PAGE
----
Review: 'Chainsaw' loving homage to '74 original
This undated publicity film image from Lionsgate shows John Dugan, left, as Grandpa Sawyer, and Bill Moseley, center, as Drayton Sawyer, in a scene from "Texas Chainsaw 3-D," releasing in theaters on Friday, January 4, 2013. (AP Photo/Lionsgate, Justin Lubin)
LOS ANGELES (AP) — Watching "Texas Chainsaw 3-D," the latest screen incarnation of the iconic chainsaw-wielding maniac Leatherface, the mind fairly reels. This purported direct sequel to Tobe Hooper's 1974 horror classic cheerfully ignores that director's own 1986 follow-up, the 1997 and 2003 remakes, the 2006 prequel and even its basic timeline. It scores points for sheer brazenness.
But aside from its being an obviously loving homage to the original — even including 3-D-enhanced clips from it in the opening credits — there isn't much to recommend this installment whose main point of originality is omitting the word "Massacre" from the title.
The opening sequence takes place directly after the final scene of Hooper's film, depicting a Waco-like encounter in which the house containing Leatherface and his cannibalistic family burns to the ground with all its occupants presumably dead. Except for a baby, who is promptly adopted and, as we soon see, grows up in Oklahoma to be the beautiful Heather (Alexandra Daddario).
This undated publicity film image from Lionsgate shows theatrical key art for a poster from the movie, "Texas Chainsaw 3-D," releasing in theaters on Friday, January 4, 2013. (AP Photo/Lionsgate)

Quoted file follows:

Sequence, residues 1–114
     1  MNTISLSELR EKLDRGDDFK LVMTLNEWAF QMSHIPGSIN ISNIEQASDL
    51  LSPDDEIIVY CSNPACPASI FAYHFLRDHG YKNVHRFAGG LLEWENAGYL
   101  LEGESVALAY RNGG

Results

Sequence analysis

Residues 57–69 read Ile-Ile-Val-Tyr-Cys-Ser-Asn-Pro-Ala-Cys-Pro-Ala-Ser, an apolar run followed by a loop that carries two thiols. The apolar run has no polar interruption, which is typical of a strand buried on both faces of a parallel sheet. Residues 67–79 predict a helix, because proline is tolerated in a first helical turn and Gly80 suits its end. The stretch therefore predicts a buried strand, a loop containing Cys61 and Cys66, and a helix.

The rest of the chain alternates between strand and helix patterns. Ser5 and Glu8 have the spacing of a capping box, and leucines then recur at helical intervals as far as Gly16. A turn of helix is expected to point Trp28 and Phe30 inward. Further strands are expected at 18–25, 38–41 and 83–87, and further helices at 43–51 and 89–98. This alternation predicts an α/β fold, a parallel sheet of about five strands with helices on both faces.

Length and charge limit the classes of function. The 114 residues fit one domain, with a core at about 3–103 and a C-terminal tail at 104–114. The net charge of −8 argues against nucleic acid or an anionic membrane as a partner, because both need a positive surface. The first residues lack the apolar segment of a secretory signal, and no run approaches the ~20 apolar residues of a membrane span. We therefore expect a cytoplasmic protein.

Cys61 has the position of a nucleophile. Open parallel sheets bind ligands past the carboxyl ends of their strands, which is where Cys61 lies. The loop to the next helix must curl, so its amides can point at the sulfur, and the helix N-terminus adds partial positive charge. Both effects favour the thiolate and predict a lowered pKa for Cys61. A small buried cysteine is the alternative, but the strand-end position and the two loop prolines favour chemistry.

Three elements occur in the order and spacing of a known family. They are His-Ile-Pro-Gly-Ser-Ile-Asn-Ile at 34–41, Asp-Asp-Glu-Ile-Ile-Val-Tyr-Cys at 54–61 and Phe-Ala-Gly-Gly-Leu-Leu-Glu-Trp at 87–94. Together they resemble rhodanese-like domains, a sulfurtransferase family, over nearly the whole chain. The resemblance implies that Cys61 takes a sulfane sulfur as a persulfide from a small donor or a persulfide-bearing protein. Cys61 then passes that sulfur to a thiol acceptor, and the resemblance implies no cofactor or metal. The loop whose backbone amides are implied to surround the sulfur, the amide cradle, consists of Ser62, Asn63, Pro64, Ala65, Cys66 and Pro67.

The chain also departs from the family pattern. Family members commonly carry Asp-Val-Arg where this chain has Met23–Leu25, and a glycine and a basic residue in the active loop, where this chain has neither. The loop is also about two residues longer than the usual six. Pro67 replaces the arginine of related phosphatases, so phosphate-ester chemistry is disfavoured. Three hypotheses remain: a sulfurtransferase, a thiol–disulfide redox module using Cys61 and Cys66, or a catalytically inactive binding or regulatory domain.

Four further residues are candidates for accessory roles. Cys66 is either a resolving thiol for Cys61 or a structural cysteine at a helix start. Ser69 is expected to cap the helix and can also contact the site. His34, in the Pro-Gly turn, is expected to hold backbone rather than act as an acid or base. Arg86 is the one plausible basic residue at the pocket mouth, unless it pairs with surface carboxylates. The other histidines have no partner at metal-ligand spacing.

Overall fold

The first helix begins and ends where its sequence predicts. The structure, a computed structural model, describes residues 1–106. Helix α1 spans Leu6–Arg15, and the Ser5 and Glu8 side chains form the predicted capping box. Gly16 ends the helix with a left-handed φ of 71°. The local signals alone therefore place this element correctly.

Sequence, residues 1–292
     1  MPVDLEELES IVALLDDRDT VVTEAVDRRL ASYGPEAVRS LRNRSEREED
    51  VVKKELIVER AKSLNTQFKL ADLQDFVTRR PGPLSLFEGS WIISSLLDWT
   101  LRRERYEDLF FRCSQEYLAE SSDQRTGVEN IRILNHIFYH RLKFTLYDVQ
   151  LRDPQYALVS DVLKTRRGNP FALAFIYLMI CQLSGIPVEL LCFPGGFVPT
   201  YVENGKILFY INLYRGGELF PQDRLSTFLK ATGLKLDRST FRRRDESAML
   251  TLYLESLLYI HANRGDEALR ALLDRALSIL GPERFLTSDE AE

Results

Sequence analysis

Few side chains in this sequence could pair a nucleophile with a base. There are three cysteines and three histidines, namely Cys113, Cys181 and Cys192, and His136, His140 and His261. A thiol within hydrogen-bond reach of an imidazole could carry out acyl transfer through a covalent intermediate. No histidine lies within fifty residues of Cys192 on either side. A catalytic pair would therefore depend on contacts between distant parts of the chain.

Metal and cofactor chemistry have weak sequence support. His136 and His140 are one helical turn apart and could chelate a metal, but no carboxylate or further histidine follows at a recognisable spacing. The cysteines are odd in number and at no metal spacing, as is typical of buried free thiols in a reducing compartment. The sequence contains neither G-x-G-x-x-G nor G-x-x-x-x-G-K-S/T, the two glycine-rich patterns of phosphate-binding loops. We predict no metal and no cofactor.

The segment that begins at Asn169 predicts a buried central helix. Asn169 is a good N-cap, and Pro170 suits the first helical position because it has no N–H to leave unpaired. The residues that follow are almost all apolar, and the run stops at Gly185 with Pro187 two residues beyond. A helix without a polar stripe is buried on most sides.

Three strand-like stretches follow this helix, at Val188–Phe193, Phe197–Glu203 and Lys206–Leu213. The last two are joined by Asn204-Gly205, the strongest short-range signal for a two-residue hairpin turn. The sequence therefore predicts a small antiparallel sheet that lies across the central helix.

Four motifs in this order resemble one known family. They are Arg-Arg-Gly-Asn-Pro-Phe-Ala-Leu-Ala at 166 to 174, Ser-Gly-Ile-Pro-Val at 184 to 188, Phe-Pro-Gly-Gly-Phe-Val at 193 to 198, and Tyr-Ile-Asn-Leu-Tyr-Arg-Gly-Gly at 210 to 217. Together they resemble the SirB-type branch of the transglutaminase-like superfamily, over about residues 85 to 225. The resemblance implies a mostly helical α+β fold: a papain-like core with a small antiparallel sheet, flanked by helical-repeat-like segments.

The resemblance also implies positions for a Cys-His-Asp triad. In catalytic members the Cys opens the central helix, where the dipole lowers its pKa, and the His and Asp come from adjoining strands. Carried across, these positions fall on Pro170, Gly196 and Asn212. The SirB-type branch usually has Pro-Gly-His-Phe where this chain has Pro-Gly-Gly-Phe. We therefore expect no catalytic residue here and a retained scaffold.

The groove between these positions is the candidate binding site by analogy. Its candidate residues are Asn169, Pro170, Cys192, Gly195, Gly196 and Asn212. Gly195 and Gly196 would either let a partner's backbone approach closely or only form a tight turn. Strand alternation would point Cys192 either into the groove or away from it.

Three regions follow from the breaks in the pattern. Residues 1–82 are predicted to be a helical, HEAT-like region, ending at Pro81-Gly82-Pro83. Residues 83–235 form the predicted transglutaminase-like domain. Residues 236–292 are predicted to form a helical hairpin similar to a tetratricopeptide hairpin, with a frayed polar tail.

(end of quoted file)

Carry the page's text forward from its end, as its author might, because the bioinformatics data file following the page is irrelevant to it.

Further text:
Cut to roughly twenty years later, when Heather learns of her origins after being left a Texas mansion by her late grandmother. She and her friends promptly head off in a van to check out her inheritance which, unbeknownst to them, is still the home of the hulking Leatherface (Dan Yeager).
The film's first half follows conventional horror movie tropes as the heroine and her hottie companions — boyfriend Ryan (rapper Tremaine 'Trey Songz' Neverson), BFF Nikki (Tania Raymonde), her new crush Kenny (Keram Malicki-Sanchez) and a hunky hitchhiker (Scott Eastwood) — are pursued by the chainsaw-wielding inhabitant with predictably lethal results. But not before all of them bare as much skin as possible.
Things take a somewhat more complex turn later on when Heather finds herself in an unlikely alliance with her deranged relative against the town's corrupt mayor (Paul Rae) and his minions. Leatherface is even given a rather sympathetic treatment, depicted as being something of a misunderstood, overgrown child whose propensity for tearing off his victims' faces is but an extreme example of adolescent rebellion.